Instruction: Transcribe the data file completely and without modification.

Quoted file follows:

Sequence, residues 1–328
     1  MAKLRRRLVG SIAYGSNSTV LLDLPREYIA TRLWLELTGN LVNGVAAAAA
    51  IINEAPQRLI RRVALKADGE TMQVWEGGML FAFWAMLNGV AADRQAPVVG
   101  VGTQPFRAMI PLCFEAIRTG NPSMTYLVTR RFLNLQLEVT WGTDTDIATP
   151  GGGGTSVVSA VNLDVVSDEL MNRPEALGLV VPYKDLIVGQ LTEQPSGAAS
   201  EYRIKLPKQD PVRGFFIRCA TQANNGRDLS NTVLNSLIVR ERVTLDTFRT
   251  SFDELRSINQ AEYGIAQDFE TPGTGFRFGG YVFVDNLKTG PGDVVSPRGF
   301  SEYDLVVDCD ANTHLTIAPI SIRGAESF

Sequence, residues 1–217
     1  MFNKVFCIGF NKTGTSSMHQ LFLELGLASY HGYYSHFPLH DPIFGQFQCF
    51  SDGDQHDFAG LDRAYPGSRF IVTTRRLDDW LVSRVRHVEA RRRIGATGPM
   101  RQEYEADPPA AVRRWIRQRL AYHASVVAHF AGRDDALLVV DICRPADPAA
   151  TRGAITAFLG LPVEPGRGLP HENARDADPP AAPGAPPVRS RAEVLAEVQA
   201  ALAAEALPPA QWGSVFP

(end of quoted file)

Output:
Sequence, residues 1–328
     1  MAKLRRRLVG SIAYGSNSTV LLDLPREYIA TRLWLELTGN LVNGVAAAAA
    51  IINEAPQRLI RRVALKADGE TMQVWEGGML FAFWAMLNGV AADRQAPVVG
   101  VGTQPFRAMI PLCFEAIRTG NPSMTYLVTR RFLNLQLEVT WGTDTDIATP
   151  GGGGTSVVSA VNLDVVSDEL MNRPEALGLV VPYKDLIVGQ LTEQPSGAAS
   201  EYRIKLPKQD PVRGFFIRCA TQANNGRDLS NTVLNSLIVR ERVTLDTFRT
   251  SFDELRSINQ AEYGIAQDFE TPGTGFRFGG YVFVDNLKTG PGDVVSPRGF
   301  SEYDLVVDCD ANTHLTIAPI SIRGAESF

Sequence, residues 1–217
     1  MFNKVFCIGF NKTGTSSMHQ LFLELGLASY HGYYSHFPLH DPIFGQFQCF
    51  SDGDQHDFAG LDRAYPGSRF IVTTRRLDDW LVSRVRHVEA RRRIGATGPM
   101  RQEYEADPPA AVRRWIRQRL AYHASVVAHF AGRDDALLVV DICRPADPAA
   151  TRGAITAFLG LPVEPGRGLP HENARDADPP AAPGAPPVRS RAEVLAEVQA
   201  ALAAEALPPA QWGSVFP